It’s time to address the nonsensical notions that permeate NBA message boards and social media pages when it comes to free throws, their influence on the game(s), and the teams or individuals that are allegedly favored and outcomes that are influenced as a result.
People have Twitter-length arguments coupled with Snapchat disappearing memories, so their argument is about the last game, series, or for their favorite player and oftentimes against iconic legends, like LeBron James, Kevin Durant and Stephen Curry.
Before the series even started, the notion was that whoever got the majority of whistles in the Los Angeles Lakers-Golden State Series would – and did – win the series.
So by that notion, are the Denver Nuggets set to sweep the Miami Heat in the NBA Finals after getting 20 trips to the line to Miami’s two?
Hard to make a call like that seeing as James and the Lakers racked up 107 trips to the line to Denver’s 81 in the Western Conference Finals, yet netted zero wins despite James’ best heroics, a damn site for who Dillon “Diarrhea of the Mouth” Brooks called ‘an old man.’
Whether you call it the elephant in the arena or the 800 lb. gorilla at the free throw line, it time to digest this. I know no one reads lengthy pieces much anymore these days, much less stat-laden articles, but humor me.
The best way to win your argument is by knowing what the hell you’re talking about; and I know what I’m talking about.
Facts. God forbid. Numbers don’t lie.
So how do you eat an elephant? That’s right – one bite at a time.
Here are a few morsels:
********** PLAY-IN GAMES **********
|Atlanta Hawks||Miami Heat|
The Atlanta Hawks made the soft-looking Miami Heat pay from the field (46%), not from the free throw line, where the Heat outperformed the Hawks by shooting 80 percent to Atlanta’s paltry 59 percent. Trae Young scored 25 points and the Hawks’ bench – Bogdan Bogdanovic, Jalen Johnson, Onyeka Onkongwu, and Saddiq Bey – combined for another 53. Jimmy Butler only had 21 points. Young went to the line nine times and hit for eight; the rest of the Hawks were horrible, but won the game – DEBUNKED
|Minnesota Timberwolves||Los Angeles Lakers|
Anthony Davis stood much, much taller than his fellow University of Kentucky alum, Karl-Anthony Towns, going for 24 points and 15 rebounds to ignite the Los Angeles Lakers’ improbable run from the play-in to the Western Conference Finals. It took overtime and 30 points and 10 rebounds from LeBron James as well. Davis went to the free throw line six times; James only three. – DEBUNKED.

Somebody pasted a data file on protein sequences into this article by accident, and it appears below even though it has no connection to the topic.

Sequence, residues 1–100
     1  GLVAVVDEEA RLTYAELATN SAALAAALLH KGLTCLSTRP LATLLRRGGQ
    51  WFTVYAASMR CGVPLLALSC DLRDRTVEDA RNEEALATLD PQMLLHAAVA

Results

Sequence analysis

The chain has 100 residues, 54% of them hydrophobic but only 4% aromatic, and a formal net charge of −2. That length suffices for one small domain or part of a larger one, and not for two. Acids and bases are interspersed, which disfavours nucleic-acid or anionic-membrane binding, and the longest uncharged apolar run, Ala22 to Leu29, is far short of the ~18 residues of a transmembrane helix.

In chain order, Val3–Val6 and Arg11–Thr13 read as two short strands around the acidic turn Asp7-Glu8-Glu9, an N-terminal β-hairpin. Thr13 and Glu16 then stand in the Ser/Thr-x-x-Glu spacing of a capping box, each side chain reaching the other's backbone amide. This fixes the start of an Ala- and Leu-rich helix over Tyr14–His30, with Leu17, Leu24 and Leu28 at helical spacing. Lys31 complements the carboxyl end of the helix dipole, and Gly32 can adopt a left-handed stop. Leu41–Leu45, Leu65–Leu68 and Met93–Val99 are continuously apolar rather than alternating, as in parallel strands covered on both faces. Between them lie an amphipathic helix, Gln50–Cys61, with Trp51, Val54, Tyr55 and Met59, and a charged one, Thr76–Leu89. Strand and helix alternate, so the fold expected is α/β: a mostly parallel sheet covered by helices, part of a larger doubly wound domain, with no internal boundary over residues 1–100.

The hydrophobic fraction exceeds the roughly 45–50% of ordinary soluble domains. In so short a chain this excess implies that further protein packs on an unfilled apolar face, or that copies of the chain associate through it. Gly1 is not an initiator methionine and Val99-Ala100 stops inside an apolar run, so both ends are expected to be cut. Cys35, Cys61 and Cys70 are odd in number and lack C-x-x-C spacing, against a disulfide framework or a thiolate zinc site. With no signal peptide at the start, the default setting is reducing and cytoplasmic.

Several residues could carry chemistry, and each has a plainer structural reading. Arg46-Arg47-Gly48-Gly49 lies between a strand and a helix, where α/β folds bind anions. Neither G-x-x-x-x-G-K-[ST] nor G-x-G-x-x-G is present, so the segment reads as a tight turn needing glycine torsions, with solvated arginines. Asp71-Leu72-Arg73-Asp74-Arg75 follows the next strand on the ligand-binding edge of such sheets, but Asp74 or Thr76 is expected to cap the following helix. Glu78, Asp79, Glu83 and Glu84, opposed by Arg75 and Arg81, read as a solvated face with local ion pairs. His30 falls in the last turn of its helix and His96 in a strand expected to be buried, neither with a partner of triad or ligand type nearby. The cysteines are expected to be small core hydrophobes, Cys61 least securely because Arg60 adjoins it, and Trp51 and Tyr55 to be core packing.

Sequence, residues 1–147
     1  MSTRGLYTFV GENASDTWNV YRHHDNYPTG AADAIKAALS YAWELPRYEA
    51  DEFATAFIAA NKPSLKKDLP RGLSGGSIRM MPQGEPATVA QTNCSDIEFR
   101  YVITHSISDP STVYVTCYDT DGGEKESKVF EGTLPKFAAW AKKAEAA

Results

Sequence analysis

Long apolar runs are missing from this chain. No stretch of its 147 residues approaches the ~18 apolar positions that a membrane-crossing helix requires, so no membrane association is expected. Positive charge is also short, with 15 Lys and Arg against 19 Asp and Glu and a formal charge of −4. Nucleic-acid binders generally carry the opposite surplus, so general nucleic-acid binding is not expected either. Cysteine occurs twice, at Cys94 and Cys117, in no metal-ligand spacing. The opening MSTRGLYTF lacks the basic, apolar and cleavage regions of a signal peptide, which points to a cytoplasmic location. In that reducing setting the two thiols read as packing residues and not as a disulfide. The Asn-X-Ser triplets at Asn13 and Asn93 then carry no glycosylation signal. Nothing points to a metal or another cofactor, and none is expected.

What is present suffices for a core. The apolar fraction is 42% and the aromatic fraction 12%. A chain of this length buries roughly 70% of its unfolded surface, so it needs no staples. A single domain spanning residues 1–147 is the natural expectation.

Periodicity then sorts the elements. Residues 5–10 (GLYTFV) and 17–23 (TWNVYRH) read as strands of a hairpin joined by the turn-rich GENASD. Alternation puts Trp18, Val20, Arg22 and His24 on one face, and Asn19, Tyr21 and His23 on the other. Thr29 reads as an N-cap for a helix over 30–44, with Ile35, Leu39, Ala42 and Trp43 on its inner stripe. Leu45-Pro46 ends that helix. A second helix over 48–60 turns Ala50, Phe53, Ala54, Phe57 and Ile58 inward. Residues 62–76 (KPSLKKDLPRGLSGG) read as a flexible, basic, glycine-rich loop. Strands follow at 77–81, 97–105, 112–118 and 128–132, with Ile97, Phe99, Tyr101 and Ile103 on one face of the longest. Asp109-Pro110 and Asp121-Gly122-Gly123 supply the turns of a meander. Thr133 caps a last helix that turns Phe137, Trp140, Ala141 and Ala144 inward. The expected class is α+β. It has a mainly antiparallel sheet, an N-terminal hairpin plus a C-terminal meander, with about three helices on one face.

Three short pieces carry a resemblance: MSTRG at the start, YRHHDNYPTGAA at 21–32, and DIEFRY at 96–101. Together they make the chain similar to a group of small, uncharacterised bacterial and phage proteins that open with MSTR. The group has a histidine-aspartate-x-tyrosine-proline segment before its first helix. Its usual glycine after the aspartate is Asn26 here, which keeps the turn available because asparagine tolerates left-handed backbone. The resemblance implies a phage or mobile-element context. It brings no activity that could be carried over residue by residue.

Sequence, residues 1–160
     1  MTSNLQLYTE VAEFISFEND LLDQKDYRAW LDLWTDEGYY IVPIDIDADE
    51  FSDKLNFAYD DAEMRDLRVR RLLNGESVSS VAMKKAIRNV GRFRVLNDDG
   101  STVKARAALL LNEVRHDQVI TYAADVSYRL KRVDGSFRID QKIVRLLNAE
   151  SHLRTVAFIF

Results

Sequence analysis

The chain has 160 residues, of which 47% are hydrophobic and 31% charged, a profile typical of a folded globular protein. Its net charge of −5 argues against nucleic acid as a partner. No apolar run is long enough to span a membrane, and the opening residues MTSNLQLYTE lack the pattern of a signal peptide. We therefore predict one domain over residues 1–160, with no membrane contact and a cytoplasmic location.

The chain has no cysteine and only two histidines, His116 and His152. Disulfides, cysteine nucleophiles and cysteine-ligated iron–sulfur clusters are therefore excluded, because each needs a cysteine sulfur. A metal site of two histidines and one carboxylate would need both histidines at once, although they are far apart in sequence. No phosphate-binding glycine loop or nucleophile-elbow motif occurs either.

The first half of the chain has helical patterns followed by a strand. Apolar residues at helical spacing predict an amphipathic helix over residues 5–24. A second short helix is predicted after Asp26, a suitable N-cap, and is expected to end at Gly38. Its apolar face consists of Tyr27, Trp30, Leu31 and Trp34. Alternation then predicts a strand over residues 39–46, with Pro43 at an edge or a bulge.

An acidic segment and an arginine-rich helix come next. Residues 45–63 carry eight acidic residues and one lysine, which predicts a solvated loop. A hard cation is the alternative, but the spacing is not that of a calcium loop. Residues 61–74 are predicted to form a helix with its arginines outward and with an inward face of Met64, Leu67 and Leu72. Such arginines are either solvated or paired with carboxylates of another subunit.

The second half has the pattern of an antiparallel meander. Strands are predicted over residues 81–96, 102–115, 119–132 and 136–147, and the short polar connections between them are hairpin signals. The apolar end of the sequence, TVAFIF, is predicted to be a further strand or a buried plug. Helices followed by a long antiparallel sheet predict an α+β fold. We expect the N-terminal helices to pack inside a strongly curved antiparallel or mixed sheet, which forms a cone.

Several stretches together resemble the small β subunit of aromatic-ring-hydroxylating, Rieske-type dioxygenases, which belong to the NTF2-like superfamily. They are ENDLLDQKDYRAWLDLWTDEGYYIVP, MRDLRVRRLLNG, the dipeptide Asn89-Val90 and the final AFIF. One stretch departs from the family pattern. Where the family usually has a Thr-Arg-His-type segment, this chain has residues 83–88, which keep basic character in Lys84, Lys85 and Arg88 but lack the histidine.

|Chicago Bulls||Toronto Raptors|
Zach LaVine got to the line 15 times of the Bulls’ 22 trips, converting on 13. Toronto spent a ton of the game at the charity stripe – Pascal Siakam made 11 trips, O.G. Anunoby had eight, Scottie Barnes seven, and a half dozen for Fred VanVleet; but only hit for 50 percent of their opportunities, with Siakam and Anunoby both well under .500 on the night. So they honestly lost the game from their inability to make free throws. – DEBUNKED
|Oklahoma City Thunder||New Orleans Pelicans|
This game was evenly matched from a free throw perspective. It was Oklahoma City’s explosive 39-24 third quarter that stormed the favored Pelicans in this play-in game. OKC literally brought the thunder at the free throw line, though, shooting 87.5 percent. Shai Gilgeous-Alexander was eight-for-eight. New Orleans converted at a similar rate, hitting 25-0f-30 on the night, with Brandon Ingram leading the way with 11 trips to the line. – DEBUNKED
|Chicago Bulls||Miami Heat|
DeMar DeRozan got to the line nine times, while Bam Adebayo and Max Strus did as well (eight times apiece), while Jimmy Butler went there 10 times. The Heat shot 87.5 percent as a team while Chicago shot 73.3 percent. This game was also won with Miami running away with it in the fourth quarter, 35-23. They wanted it more. – DEBUNKED
|Oklahoma City Thunder||Minnesota Timberwolves|
The shorter Thunder, coupled with unbridled enthusiasm from their previous victory, sent the more-experienced Timberwolves to the line six more times. Rudy Gobert went over half of the time for Minnesota, hitting for nine. Shai Gilgeous-Alexander was assertive again, and perfect again – this time hitting 100 percent on all 12 of his opportunities. But Minnesota ran away with this game after the first quarter ended, outsourcing the Thunder by nine, seven, and eight over the last three quarters, respectively. – DEBUNKED
********** FIRST ROUND GAMES **********
|Brooklyn Nets (73)||Philadelphia 76ers (61)|
In the first sweep of the playoffs, Philadelphia looked like a legit contender, even though it was over the scrappy Nets, despite netting only 61 total trips to the stripe over the quartet of games. – DEBUNKED
|Atlanta Hawks (102)||Boston Celtics (99)|
Boston also notched fewer trips to the free throw line in a surprising six-game series with the Hawks. Atlanta won one at home and then took a second at Boston, where the Hawks won by a deuce, hitting all 10 of their free throws on the night. – DEBUNKED